Literary agent Andrew Wylie believes a 50% digital royalty rate will become widely accepted by publishers once the digital "shake-out" settles down.
Speaking to The Bookseller from the Frankfurter Hof, Wylie said digital publishing should be a more profitable means of publishing and some of that profitability needs to reach the author. "Publishers should pay a 50% digital royalty and digital distributors should not be charging 30%—zero would be attractive," he said.
Publishers had tried to control their costs during the rush to digital, leading to many holding a firm line at 25% of net receipts, Wylie said, but there were indications that this was beginning to change.
"Publishers were suitably careful about how they covered their costs in that transition period, but after the shake-up—which is probably still a point in the future—it will become obvious that a higher digital royalty is appropriate. It is happening a little now and it will come to be the norm," he said. Wylie said the launch of his own digital imprint, Odyssey Editions, a year ago had had "an effect" on these negotiations.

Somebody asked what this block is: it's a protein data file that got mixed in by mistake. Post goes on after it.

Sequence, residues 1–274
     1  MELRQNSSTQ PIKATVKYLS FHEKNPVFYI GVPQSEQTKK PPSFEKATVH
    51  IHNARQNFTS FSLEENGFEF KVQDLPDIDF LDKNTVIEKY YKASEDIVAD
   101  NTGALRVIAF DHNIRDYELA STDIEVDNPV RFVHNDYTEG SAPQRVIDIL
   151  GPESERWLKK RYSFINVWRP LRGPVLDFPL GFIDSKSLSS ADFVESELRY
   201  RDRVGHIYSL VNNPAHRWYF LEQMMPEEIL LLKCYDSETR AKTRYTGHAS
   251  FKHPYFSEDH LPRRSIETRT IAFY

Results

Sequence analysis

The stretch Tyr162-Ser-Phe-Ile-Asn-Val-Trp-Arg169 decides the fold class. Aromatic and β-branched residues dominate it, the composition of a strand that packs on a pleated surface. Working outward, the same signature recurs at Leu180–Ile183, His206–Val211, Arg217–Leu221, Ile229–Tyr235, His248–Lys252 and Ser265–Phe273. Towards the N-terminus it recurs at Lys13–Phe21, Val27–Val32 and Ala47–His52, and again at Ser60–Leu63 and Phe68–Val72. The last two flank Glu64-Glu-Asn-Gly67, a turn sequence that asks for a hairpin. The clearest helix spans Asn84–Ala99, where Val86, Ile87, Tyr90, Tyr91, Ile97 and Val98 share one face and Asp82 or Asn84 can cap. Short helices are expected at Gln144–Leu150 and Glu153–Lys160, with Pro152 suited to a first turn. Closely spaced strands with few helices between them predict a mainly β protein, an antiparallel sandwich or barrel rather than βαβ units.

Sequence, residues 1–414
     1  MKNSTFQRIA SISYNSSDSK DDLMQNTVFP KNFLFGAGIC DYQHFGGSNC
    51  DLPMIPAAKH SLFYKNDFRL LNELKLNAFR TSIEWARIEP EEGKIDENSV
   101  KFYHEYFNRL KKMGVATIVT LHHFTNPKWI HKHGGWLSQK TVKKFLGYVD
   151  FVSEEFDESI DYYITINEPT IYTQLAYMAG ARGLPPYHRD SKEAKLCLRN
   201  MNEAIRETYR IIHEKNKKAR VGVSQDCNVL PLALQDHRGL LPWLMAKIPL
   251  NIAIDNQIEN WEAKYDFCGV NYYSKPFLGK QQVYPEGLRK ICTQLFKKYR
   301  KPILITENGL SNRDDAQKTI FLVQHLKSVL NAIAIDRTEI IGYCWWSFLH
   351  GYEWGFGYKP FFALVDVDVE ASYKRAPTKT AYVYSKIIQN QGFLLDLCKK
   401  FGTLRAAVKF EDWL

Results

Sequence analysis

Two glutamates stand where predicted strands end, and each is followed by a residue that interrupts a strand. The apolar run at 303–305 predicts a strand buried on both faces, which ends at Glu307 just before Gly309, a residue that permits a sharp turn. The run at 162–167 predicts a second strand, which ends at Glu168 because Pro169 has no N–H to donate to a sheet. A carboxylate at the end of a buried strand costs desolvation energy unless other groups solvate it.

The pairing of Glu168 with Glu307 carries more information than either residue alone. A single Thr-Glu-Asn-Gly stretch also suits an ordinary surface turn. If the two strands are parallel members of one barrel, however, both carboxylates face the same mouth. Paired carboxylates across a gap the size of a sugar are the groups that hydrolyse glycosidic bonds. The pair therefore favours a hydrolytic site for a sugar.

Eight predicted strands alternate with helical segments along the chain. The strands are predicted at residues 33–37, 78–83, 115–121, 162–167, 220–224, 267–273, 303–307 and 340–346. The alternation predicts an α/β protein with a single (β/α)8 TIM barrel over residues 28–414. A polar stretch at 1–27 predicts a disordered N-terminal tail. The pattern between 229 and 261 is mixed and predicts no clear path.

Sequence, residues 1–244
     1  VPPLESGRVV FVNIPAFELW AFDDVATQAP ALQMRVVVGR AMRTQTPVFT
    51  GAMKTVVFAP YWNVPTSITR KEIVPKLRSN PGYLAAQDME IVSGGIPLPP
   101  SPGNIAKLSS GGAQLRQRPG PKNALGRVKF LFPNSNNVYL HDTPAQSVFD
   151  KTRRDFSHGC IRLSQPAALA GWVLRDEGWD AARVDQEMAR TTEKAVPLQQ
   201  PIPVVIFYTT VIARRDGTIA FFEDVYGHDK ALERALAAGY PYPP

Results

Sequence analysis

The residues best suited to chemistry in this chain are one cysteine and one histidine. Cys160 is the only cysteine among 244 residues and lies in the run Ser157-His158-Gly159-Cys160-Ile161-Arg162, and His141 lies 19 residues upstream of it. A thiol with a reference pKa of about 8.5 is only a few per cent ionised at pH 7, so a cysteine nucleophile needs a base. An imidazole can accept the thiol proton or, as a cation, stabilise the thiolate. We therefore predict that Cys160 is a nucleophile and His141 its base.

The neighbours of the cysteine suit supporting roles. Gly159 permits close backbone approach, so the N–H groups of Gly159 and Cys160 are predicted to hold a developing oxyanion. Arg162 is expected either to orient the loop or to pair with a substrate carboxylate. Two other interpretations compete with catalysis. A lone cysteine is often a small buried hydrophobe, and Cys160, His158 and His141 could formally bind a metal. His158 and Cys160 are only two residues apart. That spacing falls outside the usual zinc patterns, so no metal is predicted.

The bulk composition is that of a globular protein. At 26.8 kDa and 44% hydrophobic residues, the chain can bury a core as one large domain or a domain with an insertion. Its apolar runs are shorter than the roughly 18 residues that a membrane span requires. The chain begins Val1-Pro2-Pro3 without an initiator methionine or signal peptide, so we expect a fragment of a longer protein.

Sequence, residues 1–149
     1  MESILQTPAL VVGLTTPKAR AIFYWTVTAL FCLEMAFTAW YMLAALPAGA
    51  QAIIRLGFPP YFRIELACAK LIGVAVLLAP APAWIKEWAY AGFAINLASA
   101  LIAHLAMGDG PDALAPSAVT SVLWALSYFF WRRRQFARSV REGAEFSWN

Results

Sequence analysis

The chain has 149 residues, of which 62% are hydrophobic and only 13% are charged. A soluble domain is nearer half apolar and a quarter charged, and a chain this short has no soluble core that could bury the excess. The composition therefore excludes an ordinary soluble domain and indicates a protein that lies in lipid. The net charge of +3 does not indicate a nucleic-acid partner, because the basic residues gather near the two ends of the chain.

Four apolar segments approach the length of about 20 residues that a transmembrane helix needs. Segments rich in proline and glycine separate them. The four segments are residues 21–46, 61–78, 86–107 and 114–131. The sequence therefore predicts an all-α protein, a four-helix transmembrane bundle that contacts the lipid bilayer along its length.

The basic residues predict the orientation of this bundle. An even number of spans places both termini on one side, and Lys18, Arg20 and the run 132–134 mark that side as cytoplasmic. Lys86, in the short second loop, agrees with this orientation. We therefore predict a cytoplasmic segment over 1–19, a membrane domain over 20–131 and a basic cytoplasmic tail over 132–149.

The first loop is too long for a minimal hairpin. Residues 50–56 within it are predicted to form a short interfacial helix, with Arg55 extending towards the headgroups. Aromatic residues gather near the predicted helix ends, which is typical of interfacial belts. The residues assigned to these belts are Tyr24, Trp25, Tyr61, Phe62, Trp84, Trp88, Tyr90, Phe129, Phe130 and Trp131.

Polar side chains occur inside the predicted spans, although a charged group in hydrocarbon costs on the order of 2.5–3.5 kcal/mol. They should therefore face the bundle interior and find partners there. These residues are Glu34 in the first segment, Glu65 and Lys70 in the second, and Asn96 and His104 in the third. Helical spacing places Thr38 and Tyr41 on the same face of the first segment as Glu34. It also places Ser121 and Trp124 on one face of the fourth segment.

He conceded that with 20 titles at launch it was not going to be a business. "What we were trying to do with Odyssey was to demonstrate to publishers the likelihood of disintermediation if the digital piece and the print piece were not kept together. It had an effect, and it depends on who you were as to whether it was the desired one or not."
He was, however, critical of agents entering into 50:50 deals with authors over digital publishing. "One of the appeals of digital is that authors should make more money, not pay their agents more," he said.
Wylie's view of digital royalties echoed those of agents speaking at one of the pre-show digital conferences. David Miller from the UK's Rogers, Coleridge and White literary agency said he had seen some "slippage" in the UK over the 25% digital royalty rate. "I've negotiated some better rates, and publishers are beginning to run a little faster, and we are getting those conversations going, particularly where an author has an extensive backlist, or where the author has earned out."
However, during a discussion held at the fair on Wednesday, HarperCollins chief executive Brian Murray said authors were getting a better digital royalty than on print. He said: “When we looked at our print royalties, we saw they averaged about 16%-18% so we knew we could afford to pay a higher royalty rate. That was almost a 40% increase in the royalty rate."